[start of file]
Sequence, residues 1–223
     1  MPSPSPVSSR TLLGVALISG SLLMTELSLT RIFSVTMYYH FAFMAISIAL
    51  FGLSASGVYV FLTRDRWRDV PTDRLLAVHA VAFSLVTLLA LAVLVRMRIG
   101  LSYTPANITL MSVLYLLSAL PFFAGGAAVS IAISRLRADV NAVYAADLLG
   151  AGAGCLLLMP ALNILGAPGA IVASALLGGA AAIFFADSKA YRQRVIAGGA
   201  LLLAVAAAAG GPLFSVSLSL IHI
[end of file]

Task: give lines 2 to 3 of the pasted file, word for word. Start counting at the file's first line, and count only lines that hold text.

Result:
     1  MPSPSPVSSR TLLGVALISG SLLMTELSLT RIFSVTMYYH FAFMAISIAL
    51  FGLSASGVYV FLTRDRWRDV PTDRLLAVHA VAFSLVTLLA LAVLVRMRIG